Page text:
Constructing Consensus: A Collaborative Approach to Design & Production

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Between April 2020 and October 2022, the America at Home Study chronicled changes in consumer attitudes toward home and community due to the pandemic.  Data collected from 10,000 Americans illuminated a collection of historic shifts, inspiring a multidisciplinary team to collaboratively develop a compelling solution: The Picket Fence, an off-site factory production concept home that also serves as a Pro Builder Idea Home. 


From the outset, all stakeholders in The Picket Fence, including the design and factory teams, were aligned with the goal to integrate data-driven design principles with volumetric modular construction techniques.  An intensive, two-day design charrette established that synergy and advanced the basic design concepts for The Picket Fence, such as identifying a target customer—a Millennial demographic called “Trail Blazers”—and digging into design principles derived from The America at Home Study to come up with a plan.

Throughout that process, the project team successfully turned so-called constraints of factory production into opportunities that led to game-changing decisions, such as the creation of two housing units within the home’s footprint. That choice made The Picket Fence more economical for the factory to build and transport and more attainable for people to purchase. What emerged was a 2,007-square-foot townhome with 660-square-foot full studio ADU for an infill lot in Pittsburgh, Penn. 

“It was no isolated achievement to design a home that stays true to the original design intent and fits seamlessly into a particular neighborhood, hits a particular price point, and can be produced with volumetric modular construction,” said Ryan Bish, chief manufacturing officer and general manager of Structural Modular Innovations (SMI) in Strattanville, Pa.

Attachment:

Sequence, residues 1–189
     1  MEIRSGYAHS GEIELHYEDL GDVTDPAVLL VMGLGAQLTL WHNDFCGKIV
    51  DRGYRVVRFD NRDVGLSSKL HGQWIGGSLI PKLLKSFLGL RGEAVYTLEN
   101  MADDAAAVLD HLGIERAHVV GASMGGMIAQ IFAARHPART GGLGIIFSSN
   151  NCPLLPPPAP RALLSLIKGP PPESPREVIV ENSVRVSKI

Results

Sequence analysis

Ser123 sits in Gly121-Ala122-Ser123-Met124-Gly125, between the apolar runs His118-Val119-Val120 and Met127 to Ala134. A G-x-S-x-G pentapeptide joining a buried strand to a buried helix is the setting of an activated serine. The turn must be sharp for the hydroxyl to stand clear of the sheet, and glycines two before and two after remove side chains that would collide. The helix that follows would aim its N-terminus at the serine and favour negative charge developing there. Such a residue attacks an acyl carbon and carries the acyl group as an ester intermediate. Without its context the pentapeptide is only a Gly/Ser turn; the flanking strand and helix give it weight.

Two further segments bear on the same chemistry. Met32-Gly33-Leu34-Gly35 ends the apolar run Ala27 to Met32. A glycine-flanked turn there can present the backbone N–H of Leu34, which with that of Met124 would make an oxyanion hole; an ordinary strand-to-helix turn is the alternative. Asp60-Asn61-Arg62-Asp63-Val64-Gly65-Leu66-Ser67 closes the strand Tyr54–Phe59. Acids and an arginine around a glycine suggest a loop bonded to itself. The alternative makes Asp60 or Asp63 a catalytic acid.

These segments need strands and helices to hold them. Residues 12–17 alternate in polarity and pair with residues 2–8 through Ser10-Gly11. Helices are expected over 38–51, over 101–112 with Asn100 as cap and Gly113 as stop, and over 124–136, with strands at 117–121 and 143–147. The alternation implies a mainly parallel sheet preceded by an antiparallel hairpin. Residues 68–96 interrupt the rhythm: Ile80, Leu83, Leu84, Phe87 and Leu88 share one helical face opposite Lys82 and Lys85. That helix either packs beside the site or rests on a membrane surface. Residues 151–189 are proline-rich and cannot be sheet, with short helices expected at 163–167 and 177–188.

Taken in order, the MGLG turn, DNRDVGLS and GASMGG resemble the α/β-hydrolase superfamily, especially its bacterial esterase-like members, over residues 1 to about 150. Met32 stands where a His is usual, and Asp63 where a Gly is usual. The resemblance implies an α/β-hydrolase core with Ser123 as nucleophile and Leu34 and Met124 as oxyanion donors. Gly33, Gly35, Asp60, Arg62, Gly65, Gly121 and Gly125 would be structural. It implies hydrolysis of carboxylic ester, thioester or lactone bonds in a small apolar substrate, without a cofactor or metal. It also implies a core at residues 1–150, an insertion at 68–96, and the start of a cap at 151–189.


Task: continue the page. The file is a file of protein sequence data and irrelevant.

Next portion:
The collaborative atmosphere from the get-go buffered The Picket Fence from experiencing debilitating disappointments or setbacks in production. “Some sacrifices from the original design and specification level were made along the way to optimize production and maintain the finished home’s affordability, but in the end the final product held true to its design and development intent,” Bish says.

For example, home’s narrow, 16-foot width and 64-foot length made it vulnerable to damage from high winds. If the team followed standard protocols from prescriptive and code-compliant strategies, the solution would have contradicted the health and wellness objectives of the design. Instead, they developed a creative solution by developing a portal frame with a header across the top as a complete structural element to provide sheer resistance against a wind’s lateral force. 

Additionally, the team saved $10,000 by rethinking a few window colors and sizes. Not only is the change minimally apparent, but it’s more aesthetically appealing than the initial vision. Best of all, the cost savings from these optimizations will be passed down to the home’s future owners. 

“Each solution we developed managed to be more gratifying than our original plan,” said Eric Newhouse, vice president of innovation at SMI. “Developing a collaborative process keeps you on the smoothest path forward and it brings the most gratifying results. The Picket Fence is emblematic of a new era in homebuilding where design and production are integrated from the start.”  For builders considering a shift to off-site production, The Picket Fence offers a compelling template for success. With collaboration, it is possible to build homes across many markets that attainably combine wellness-focused design objectives with modern functionality. 



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